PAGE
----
Plus, one time I was walking up some steps and I dropped my glass and lost like five shots of Jim Beam, how is that creative?

    So basically steps equal tragedy, and not the creative, heart wrenching tragedy into which your word play may be attempting to suck me. No, this tragedy is on the order of the mundane, the superflous, the inconsequential.

    And what about elevators? We forgot all about that. Many don’t even stop on the 13th floor, now that’s good luck.

    Now don’t step on me, it’s just my opinion.

  5. eleanor says:

    well geoffrey, maybe I’ll just build a slide. I like slides. But really, personally I feel that every endevor needs a certain level of risk to make it exciting. So if I need to risk ending up in hell, or tripping on the stairs in order to write something work reading, then isn’t it worth that risk ??

    but to be perfectly honest, I have no idea how loosing five shots of Jim Beam is creative. Maybe you could write a poem about it. A Eulogy. but then, what were 5 shots all doing in one glass? nevermind. I don’t want to know.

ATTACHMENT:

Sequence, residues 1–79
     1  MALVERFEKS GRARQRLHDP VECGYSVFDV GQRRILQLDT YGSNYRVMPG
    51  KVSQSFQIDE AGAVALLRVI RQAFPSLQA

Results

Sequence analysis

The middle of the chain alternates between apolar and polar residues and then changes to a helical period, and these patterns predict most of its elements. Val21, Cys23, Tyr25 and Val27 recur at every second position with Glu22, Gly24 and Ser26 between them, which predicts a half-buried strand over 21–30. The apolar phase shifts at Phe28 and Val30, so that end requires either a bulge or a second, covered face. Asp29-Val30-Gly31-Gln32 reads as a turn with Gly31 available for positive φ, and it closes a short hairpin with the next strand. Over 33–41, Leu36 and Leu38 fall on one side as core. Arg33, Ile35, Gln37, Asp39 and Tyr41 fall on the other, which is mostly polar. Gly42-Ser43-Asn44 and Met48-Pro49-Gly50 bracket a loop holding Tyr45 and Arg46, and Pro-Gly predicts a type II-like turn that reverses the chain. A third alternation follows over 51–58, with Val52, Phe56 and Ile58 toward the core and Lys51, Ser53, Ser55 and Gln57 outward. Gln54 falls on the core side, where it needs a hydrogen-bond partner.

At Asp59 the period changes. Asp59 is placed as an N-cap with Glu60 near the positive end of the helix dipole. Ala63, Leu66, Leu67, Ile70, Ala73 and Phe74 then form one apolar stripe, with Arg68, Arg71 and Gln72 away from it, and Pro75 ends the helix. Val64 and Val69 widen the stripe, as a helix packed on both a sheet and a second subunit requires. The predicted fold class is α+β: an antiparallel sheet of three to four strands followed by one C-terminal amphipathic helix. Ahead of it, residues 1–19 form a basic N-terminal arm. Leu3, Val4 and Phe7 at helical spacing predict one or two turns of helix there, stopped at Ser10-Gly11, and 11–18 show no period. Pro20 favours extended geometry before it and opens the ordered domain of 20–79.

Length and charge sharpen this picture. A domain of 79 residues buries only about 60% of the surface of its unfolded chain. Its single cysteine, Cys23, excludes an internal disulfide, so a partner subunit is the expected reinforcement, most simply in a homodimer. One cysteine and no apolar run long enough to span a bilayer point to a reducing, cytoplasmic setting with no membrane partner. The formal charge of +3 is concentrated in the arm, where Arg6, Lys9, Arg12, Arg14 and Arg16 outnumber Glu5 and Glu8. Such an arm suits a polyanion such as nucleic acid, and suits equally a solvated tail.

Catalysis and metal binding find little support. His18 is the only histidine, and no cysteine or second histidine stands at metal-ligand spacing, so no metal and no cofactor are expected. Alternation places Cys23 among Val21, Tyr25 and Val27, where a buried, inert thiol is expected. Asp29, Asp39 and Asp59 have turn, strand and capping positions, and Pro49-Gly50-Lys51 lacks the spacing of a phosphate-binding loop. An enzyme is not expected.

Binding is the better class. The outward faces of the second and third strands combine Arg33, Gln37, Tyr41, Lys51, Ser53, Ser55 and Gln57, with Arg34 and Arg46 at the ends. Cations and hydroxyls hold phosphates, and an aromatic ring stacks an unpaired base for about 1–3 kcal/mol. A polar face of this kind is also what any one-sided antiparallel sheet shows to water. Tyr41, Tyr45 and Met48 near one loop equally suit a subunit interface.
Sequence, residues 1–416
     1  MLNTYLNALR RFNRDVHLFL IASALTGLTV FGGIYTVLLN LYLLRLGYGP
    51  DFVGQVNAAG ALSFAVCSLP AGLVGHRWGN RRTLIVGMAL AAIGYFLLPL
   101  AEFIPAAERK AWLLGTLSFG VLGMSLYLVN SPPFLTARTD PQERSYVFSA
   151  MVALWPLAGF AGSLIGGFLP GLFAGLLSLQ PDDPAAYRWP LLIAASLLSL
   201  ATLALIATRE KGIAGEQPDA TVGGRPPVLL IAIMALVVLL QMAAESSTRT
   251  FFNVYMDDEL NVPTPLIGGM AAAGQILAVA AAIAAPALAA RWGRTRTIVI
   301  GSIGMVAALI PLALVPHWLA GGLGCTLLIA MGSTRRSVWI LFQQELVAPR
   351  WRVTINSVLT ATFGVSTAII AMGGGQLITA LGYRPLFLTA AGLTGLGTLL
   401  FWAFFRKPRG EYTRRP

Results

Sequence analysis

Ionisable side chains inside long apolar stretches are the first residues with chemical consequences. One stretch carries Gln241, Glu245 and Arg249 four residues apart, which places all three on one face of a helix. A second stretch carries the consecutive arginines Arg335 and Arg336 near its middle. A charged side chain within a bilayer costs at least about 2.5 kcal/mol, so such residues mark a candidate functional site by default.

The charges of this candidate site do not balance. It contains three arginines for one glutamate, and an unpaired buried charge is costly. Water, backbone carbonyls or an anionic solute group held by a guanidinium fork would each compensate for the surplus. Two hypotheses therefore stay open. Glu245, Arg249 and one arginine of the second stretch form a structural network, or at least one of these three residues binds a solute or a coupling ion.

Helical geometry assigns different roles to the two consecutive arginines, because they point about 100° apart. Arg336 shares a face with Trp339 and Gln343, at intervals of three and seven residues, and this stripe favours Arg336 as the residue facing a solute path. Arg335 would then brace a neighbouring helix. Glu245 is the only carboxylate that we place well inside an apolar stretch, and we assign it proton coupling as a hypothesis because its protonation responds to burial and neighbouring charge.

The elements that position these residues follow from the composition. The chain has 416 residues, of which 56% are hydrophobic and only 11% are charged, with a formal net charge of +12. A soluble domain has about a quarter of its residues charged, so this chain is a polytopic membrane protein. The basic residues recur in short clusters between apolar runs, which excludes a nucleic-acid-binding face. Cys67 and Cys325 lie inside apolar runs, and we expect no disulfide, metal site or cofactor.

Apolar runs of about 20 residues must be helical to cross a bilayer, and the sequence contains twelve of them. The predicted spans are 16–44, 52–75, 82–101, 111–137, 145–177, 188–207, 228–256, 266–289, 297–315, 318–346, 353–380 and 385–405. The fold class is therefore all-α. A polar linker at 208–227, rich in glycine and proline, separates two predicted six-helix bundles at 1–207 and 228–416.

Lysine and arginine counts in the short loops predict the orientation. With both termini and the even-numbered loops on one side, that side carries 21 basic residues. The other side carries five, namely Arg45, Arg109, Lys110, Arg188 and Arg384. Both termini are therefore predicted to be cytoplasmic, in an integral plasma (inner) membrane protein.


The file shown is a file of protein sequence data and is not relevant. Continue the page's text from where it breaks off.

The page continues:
6. [...] The individual parts of this doll seem to be finished and I am feeling very dissatisfied. It might worry me except that it happens every time I get to this part of the project. I keep thinking of E’s essay on the writing process. Different but the same. My process goes something like this- Something plants the seed of an idea; a photograph, a painting, a piece of fabric or trim. The idea ferments, usually for months. Finally I get to work. I go through waves of satisfying flow and then frustration until I get to this point and I hate what I’ve done… then I tweak it and can usually get to a place where I am happy. So… I am looking at what I’ve got. The face needs something. I keep seeing a shadow of Michael Jackson. Scary. Maybe it’s the hair. The hair isn’t right… hmm. A hat? Would that make the difference? The pants need to be shortened. They are rolled in this picture. The cape? Lining? An environment? Oh, jeesh, I don’t know. [...]